Almaden Lake, one of the filthiest bodies of water in the Bay Area and possibly the state, is steeped in elemental mercury and polluted by blue-green algae blooms and bacteria from bird droppings.
But how to clean up this community cesspool has raised a fair bit of controversy.
The 32-acre, man-made lake lies under purview of the Santa Clara Valley Water District, which faces pressure from the region and the state to remove the water’s methyl mercury deposits leftover from the now-defunct Almaden Quicksilver Mining operations.
The private gravel quarry began excavating at Los Alamitos Creek in the 1940s, gradually transmogrifying a nearby grazing field into a murky 35-foot-deep lake. San Jose took over the spot in 1982, opening it up as a public park for fishing, swimming and pedal boating. But years of pollution have restricted those uses, rendering the only benefit of the lake aesthetic.
“[The] man-made lake that was once a gravel quarry is actually damaging the ecological structure of the area, serving as a heat barrier to cold-water fish migrating upstream to spawn,” the water district notes on its blog.
You can hear Ngoc Nguyen, the Water District’s engineering unit manager, talk about the history of the lake and some options to clean it up in this CreaTV interview.
The district has presented several options to deal with the lake toxicity, which affects plants, fish and birds:
• Drain the lake’s depth to about 10 feet and split the lake in two, with the Los Alamitos Creek channel as a divider.
• Fill in parts of the lake either east or west of the channel and top with grassy fields (maybe soccer fields).
• Fill in the entire lake to make way for several fields (including soccer fields).
District 10 Councilman Johnny Khamis sent out a survey asking constituents which option they’d prefer. A clear majority of the nearly 700 people who’ve responded so far point to the first choice: filling the lake bottom and restoring the creek.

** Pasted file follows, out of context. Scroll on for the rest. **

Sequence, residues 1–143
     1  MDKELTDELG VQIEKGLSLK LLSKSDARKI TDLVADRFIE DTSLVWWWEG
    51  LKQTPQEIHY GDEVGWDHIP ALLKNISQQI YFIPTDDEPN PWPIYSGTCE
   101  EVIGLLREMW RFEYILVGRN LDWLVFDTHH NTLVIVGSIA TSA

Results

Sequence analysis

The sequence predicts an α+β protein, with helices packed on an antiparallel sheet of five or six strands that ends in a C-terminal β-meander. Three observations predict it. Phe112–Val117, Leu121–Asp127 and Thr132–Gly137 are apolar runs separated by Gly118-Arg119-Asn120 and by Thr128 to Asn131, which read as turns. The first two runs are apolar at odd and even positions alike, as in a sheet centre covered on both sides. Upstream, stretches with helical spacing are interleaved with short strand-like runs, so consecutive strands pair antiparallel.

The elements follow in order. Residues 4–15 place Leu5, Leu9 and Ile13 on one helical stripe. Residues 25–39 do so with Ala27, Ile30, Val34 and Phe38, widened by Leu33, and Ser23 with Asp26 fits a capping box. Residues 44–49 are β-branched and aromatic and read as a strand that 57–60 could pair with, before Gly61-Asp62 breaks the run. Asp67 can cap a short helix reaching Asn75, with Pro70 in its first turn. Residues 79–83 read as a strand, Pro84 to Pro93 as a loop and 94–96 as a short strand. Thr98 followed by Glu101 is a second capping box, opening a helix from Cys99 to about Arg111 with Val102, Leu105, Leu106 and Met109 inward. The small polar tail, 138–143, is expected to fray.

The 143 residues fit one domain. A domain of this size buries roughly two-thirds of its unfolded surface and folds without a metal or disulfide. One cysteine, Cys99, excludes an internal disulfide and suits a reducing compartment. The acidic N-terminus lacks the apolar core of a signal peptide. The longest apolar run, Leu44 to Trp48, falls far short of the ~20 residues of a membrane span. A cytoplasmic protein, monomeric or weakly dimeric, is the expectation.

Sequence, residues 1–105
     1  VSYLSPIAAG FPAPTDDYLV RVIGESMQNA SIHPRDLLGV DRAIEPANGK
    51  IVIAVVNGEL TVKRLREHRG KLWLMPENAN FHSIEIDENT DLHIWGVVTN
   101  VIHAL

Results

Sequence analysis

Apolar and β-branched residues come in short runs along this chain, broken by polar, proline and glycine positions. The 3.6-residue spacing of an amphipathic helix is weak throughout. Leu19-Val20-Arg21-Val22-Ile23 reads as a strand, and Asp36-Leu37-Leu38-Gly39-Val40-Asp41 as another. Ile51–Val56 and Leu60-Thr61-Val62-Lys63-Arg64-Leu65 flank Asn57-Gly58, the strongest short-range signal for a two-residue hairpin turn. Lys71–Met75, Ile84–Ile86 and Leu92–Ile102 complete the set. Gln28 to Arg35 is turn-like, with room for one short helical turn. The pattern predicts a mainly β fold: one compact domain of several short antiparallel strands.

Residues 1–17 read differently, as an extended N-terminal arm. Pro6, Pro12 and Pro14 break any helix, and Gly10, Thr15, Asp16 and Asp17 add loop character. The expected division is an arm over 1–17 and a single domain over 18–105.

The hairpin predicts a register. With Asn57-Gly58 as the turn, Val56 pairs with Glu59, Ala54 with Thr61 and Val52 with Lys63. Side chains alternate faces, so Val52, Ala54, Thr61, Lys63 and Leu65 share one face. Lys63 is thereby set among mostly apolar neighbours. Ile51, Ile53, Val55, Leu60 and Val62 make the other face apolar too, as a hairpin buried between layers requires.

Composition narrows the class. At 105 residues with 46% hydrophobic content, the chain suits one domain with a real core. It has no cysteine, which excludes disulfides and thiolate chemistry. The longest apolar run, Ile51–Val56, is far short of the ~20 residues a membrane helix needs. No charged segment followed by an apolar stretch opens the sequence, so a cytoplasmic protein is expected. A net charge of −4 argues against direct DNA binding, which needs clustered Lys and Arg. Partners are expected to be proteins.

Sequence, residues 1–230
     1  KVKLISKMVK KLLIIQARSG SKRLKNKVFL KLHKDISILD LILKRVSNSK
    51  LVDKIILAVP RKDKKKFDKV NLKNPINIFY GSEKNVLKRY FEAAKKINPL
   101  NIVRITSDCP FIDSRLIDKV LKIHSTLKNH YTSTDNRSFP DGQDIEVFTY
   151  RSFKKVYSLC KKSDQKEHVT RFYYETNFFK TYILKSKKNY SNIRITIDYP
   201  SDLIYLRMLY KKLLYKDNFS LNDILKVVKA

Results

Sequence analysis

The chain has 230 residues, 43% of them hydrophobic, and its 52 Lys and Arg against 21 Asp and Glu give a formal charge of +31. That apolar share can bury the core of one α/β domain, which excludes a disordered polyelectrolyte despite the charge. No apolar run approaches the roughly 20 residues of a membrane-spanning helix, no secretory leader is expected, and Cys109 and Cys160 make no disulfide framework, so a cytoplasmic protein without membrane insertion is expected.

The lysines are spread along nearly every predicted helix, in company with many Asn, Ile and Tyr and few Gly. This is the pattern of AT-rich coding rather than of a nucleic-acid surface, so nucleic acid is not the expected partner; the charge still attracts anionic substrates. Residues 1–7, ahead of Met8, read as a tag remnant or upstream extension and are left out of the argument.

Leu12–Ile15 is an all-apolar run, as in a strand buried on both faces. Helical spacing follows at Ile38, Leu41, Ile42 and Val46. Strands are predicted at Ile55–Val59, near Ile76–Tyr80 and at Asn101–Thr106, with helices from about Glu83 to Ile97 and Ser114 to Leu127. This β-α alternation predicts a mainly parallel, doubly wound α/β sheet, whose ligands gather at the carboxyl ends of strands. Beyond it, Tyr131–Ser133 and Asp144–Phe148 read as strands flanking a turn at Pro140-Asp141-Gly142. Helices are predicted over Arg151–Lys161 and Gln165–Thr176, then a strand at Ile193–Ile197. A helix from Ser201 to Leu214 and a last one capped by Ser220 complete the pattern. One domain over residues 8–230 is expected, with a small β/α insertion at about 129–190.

Members of the Lakeview and Park Almaden homeowners associations circulated a petition that recently gathered 1,500 signatures. The petition urges the Water District to steer clear of completely filling the lake and opt for a scenario that preserves as much water as possible.
The HOAs created a Facebook page and website to update the neighborhood about the Almaden Lake project and advocate against the lake-filling option, fearing it would ding property values and dramatically alter the neighborhood by burying one of its defining attractions.
Another reason the lake’s neighbors cite for keeping the reservoir intact is that state firefighters carry water from it to fight fires in the nearby hills.
“It’s an important part of our neighborhood,” says Lisa Burt, who lives in Lakeview Terrace, a development adjacent to the lake. “This is part of why I moved here.”
District engineers are experimenting with oxygenation—pumping air to the bottom of the lake—at the Stevens Creek and Calero reservoirs in hopes of doing the same at Almaden Lake. The oxygenation experiment should come back with results by December, in time for the district to present the data at a February meeting for the public.
Before that date, the public will get a chance to weigh in again at a September meeting at the Almaden Community Center. The exact date will get posted on the Water District blog, and on signs along Almaden Expressway and Coleman Road.